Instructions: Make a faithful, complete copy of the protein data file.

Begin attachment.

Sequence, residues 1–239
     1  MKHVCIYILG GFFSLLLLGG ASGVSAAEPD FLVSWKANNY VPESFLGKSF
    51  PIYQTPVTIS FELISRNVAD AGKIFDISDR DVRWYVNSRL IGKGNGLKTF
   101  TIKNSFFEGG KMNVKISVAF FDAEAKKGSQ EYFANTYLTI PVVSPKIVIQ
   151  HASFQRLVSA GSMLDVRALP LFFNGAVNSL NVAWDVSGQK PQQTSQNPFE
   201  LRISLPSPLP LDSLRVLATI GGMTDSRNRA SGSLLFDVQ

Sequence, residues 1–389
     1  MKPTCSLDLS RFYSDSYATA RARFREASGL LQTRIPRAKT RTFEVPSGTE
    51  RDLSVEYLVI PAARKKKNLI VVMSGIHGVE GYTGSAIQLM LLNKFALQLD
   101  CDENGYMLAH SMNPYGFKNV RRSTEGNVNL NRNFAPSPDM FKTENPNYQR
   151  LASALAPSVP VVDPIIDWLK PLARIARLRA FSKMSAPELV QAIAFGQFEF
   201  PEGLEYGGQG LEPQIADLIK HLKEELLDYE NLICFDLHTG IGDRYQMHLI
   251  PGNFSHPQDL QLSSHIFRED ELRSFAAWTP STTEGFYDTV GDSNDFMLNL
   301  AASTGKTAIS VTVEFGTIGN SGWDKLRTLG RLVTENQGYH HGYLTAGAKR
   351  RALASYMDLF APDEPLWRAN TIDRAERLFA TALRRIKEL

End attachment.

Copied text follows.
Sequence, residues 1–239
     1  MKHVCIYILG GFFSLLLLGG ASGVSAAEPD FLVSWKANNY VPESFLGKSF
    51  PIYQTPVTIS FELISRNVAD AGKIFDISDR DVRWYVNSRL IGKGNGLKTF
   101  TIKNSFFEGG KMNVKISVAF FDAEAKKGSQ EYFANTYLTI PVVSPKIVIQ
   151  HASFQRLVSA GSMLDVRALP LFFNGAVNSL NVAWDVSGQK PQQTSQNPFE
   201  LRISLPSPLP LDSLRVLATI GGMTDSRNRA SGSLLFDVQ

Sequence, residues 1–389
     1  MKPTCSLDLS RFYSDSYATA RARFREASGL LQTRIPRAKT RTFEVPSGTE
    51  RDLSVEYLVI PAARKKKNLI VVMSGIHGVE GYTGSAIQLM LLNKFALQLD
   101  CDENGYMLAH SMNPYGFKNV RRSTEGNVNL NRNFAPSPDM FKTENPNYQR
   151  LASALAPSVP VVDPIIDWLK PLARIARLRA FSKMSAPELV QAIAFGQFEF
   201  PEGLEYGGQG LEPQIADLIK HLKEELLDYE NLICFDLHTG IGDRYQMHLI
   251  PGNFSHPQDL QLSSHIFRED ELRSFAAWTP STTEGFYDTV GDSNDFMLNL
   301  AASTGKTAIS VTVEFGTIGN SGWDKLRTLG RLVTENQGYH HGYLTAGAKR
   351  RALASYMDLF APDEPLWRAN TIDRAERLFA TALRRIKEL